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40 Years and Counting: Virus X Keeps Going Full Throttle

(EDITOR’S NOTE — We were psyched to talk with Virus X, pioneers of the Buffalo punk scene, now touring in celebration of their 40th anniversary. The band has seen just about everything there is to see, and they’ve played with everyone from the Dirty Rotten Imbecils, Goo Goo Dolls and The Forgotten Rebels to the young bands on the Buffalo scene today. Their history, combined with their institutional knowledge, makes for endlessly interesting tales, and their music as they enter their fifth decade of existence continues to keep the spirit of punk’s early days alive. The band is made up of original members since 1983: Rick Miami, vocals & ebow, guitar; Jarid Sinn, lead guitar, and Sam Thrash, beat. Derrik Line joined in 1992. Recently, the guys chatted with 1120 Press, for which we are grateful.)


1120Press: Thank you for taking time out to speak with us. You guys are in the middle of celebrating your 40th anniversary, which is amazing, and have been playing shows in NY, Pa, and Ohio over the past year to mark the occasion. How’s everything been going? What’s the experience been like?

Rick Miami: We’ve been playing great shows in Ohio and Pennsylvania. The fans have been outstanding. Especially when someone shows up with a copy of the original 1985 LP — you know it’s going to be a wild night. The new fans we’ve picked up along the way are young and energetic. They really enjoy the music. Erie, Pennsylvania has a great scene, and the Virus X fans are outstanding there. Very similar to the Buffalo scene.

1120: You’ll often hear athletes from one era — hockey players, for instance — talk about how “the game is different today” compared to when they played. In being around 40 years, does anything stand out as ‘different’ to you now compared to back in the day — whether it be in how you approach and deliver performances, or whether it’s with audiences, etc…?


Jarid Sinn: The music scene is a little different today to that of the 1980s. It’s still underground, but there are more venues to perform at now. The audiences today are much more enthusiastic than they were in the past. The other thing is that with the technology today we can play much louder.

1120: Speaking of “back in the day,” how would you compare the local scene now compared to when you guys started?


Sam Thrash: Back in the 1980s, booking a gig out of the area was a lengthy and tedious process. First, you would have to visit a city, scope it out, learn the scene. Then visit it again and book a gig. No text messages, no technology. Old school bookings in person with your promo kit. Also, crowds were tough back then. Some would just stare you down and give no reaction. And the slam dancing back in the day was full of chaos and mayhem. Today, we book all our gigs using technology, no in-person negotiations.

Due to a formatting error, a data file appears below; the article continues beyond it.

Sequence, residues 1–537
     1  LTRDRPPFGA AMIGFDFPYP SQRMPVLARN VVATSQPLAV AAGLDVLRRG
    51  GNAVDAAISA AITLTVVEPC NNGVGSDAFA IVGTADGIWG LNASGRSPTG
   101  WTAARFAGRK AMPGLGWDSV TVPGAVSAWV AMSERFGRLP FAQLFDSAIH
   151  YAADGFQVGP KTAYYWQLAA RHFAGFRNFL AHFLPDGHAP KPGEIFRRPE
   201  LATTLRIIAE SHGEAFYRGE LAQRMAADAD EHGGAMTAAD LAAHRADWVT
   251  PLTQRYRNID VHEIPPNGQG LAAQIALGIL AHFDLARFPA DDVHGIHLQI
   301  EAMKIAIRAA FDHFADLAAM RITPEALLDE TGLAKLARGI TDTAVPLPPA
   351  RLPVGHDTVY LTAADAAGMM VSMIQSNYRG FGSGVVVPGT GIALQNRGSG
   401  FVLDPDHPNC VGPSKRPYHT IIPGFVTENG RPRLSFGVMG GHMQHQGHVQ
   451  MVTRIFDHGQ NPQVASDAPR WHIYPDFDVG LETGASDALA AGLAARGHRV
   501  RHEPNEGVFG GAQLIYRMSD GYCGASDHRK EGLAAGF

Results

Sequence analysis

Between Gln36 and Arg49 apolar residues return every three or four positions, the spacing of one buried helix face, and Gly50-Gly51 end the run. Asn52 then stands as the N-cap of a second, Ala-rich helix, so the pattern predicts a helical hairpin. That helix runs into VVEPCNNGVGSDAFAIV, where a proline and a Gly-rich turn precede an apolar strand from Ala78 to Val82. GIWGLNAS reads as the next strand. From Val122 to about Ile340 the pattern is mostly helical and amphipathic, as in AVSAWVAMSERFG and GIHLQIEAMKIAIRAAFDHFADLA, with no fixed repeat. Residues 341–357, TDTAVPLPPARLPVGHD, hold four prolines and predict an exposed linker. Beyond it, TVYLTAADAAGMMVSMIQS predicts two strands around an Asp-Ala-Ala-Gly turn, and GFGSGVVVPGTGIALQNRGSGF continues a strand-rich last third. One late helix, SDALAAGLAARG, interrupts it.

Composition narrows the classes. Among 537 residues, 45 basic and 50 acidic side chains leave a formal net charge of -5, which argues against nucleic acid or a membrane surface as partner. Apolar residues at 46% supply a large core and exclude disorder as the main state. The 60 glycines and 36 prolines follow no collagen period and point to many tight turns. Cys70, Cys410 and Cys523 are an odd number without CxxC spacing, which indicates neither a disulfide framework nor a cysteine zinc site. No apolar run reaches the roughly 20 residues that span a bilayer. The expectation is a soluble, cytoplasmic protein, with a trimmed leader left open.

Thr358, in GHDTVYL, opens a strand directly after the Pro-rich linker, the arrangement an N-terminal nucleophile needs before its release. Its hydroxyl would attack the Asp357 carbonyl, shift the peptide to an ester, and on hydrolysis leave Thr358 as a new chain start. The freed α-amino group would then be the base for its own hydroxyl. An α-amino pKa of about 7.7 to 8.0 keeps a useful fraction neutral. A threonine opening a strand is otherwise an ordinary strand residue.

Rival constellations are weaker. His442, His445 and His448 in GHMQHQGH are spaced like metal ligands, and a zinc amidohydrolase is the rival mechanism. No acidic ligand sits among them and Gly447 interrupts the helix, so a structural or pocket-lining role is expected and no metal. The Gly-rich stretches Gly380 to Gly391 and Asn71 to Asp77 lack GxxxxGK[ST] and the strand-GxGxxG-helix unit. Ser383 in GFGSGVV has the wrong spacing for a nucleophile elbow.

1120: Going through the band’s show flyers on social media — from the 1980s straight through to your shows this year — it’s like a history trail of Buffalo punk music. You’ve been on bills recently with 13 Dead Canaries, Bastard Bastard Bastard, and The Living Braindead; and then going back almost 40 years ago, you’ve also appeared on bills with the Goo Goo Dolls, 10,000 Maniacs, local legends like The Fems and Mark Freeland, Green Jello, The Splat Cats and The Lumens. Does it ever strike you that Virus X could probably write the Encyclopedia on Buffalo Punk Music? What’s that feel like?

Rick: Over the years we’ve shared the stage with many punk bands both local and national. It’s an honor to have done this over the past 40 years.


Jarid: Besides Green Jello and The Enemies, Virus X is one of the only bands from the early 1980s still performing.


Sam: One of our favorite moments was in 1986 and we opened for Corrosion of Conformity at Mr. Groucho’s on Hertel Ave Buffalo... Our fucking microphone stunk after they used it ... They ruined our microphone, so we fought outside on Hertel Ave. As a result, they drove back to Carolina with a broken window.


(Editor's Note — 1120 Press reached out to Corrosion of Conformity via email but our request for comment was not answered.)


1120: In September, the band is going into the studio at the renowned Watchmen Studios in Lockport. Can you tell us about that, and what we might expect from Virus X during year 41?


Rick: We’ll be hitting the studio in September to record four new tunes. We plan on licensing them to be used in video games and movies.


Derrik Line: The tunes we’re doing are new and full of energy. Just like the stuff we did in the past.


Sam: Also, we plan on releasing them on vinyl and CD under our label Uniray Records in 2024. Virus X will be returning to the road shortly after the release of the new album entitled “Angel Dust Days” or “ Zip Tied.” We haven’t decided yet.


1120: Thank you so much for your time. Is there anything else you want to add that we haven’t touched on?


Sam: Virus X is based out of Niagara Falls NY. That being said, it was a battle back in the day to perform punk rock there. The folks back then in Niagara Falls were hair-band fans, so you can imagine when we debuted (live) in 1984 the reaction from the crowd. Not too happy and a little tense. But hey, we’re still here and Niagara Falls is a better place because of it. Lol.






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